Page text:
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On-Target Rapid Prototyping: A Practical Approach for Bootstrapping Production ECU Software Development
ISSN: 1946-4614, e-ISSN: 1946-4622
Published September 13, 2011 by SAE International in United States
Citation: Erkkinen, T., Gangopadhyay, A., Shanker, S., Shekar, S. et al., "On-Target Rapid Prototyping: A Practical Approach for Bootstrapping Production ECU Software Development," SAE Int. J. Passeng. Cars - Electron. Electr. Syst. 5(1):1-8, 2012, https://doi.org/10.4271/2011-01-2267.
Rapid control prototyping (RCP) is a widely used technique for verifying a controller's functional behavior. Typically, RCP uses a target processor with ample processing power and memory, which makes the technique attractive for engineers exploring new concepts. However, a large gap often exists between the RCP target and the production ECU in terms of the available code generation technology, the supporting tool chain, and I/O hardware. Consequently, significant work is required when migrating a controller from RCP to production. Furthermore, due to cost constraints, RCP systems are difficult to deploy in large numbers for fleet testing or preproduction trials.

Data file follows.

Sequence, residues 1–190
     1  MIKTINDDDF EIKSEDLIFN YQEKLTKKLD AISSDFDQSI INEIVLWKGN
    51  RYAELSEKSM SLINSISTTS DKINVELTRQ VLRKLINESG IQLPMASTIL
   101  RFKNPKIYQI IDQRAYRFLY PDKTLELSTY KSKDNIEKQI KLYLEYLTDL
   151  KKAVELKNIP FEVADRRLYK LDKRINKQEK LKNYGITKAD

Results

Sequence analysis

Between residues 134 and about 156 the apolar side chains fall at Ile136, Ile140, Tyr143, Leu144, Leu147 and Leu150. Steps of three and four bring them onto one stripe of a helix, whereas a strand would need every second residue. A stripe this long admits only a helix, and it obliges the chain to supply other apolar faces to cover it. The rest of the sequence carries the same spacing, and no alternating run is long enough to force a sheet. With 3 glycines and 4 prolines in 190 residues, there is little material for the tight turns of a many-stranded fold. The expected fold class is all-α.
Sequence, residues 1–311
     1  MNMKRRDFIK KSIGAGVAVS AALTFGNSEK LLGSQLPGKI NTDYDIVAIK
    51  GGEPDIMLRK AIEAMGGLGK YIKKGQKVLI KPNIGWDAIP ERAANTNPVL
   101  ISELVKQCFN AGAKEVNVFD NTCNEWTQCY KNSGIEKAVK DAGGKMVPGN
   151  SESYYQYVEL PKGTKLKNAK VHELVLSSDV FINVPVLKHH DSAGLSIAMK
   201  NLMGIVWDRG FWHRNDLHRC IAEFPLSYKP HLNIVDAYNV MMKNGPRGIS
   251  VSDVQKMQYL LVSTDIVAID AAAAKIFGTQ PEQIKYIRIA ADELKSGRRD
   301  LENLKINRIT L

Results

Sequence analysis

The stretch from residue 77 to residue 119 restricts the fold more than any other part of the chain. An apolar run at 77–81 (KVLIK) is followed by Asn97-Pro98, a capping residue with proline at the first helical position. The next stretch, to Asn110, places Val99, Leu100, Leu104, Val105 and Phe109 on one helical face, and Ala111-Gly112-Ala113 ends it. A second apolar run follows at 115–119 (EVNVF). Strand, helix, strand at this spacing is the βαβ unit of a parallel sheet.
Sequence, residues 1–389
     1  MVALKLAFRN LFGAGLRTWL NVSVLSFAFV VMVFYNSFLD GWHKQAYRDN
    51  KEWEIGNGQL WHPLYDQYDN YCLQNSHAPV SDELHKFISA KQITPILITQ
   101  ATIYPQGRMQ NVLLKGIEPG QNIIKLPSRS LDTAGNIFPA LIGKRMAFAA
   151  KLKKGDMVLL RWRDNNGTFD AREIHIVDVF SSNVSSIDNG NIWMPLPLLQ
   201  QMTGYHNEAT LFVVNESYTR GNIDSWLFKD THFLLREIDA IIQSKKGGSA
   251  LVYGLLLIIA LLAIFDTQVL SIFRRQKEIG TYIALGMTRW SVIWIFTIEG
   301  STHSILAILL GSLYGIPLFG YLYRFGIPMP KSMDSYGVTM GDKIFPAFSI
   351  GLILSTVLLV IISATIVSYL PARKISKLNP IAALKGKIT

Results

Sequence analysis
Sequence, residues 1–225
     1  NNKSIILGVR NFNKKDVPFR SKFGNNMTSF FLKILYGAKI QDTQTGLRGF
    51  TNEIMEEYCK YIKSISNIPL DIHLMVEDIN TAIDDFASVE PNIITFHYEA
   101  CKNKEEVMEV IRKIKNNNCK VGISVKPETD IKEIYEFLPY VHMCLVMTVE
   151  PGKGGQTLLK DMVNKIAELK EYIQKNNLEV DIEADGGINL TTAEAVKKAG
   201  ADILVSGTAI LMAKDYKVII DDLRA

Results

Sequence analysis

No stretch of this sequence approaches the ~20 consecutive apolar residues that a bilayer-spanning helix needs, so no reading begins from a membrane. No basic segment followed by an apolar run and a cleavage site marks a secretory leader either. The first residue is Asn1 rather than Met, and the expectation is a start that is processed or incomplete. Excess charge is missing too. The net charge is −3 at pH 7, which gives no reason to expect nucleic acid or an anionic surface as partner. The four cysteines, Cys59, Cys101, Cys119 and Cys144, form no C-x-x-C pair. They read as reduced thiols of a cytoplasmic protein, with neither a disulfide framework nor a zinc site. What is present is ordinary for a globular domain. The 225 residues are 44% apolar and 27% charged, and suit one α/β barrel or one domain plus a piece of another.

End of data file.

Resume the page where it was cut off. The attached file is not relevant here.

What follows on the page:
In response to the challenges associated with RCP, automotive engineers are moving towards a technique called on-target rapid prototyping (OTRP). With OTRP, the code is generated, cross-compiled, and downloaded either to the ECU used in production or a development version of it with additional memory and instrumentation support. OTRP enables engineers to use the same code generator, supporting tool chain, and ECU hardware during development, simplifying the migration to production. In addition, due to the relatively low cost of development ECUs, OTRP systems can be deployed in large quantities.
This paper provides an introduction to Model-Based Design and OTRP, a step-by-step approach for getting started with OTRP using a new algorithm export technique, and considerations for moving from OTRP to production. An application example is provided to illustrate how OTRP has been effectively used for a production-intent ECU program, which includes a novel external mode implementation on a resource constrained fixed-point embedded system.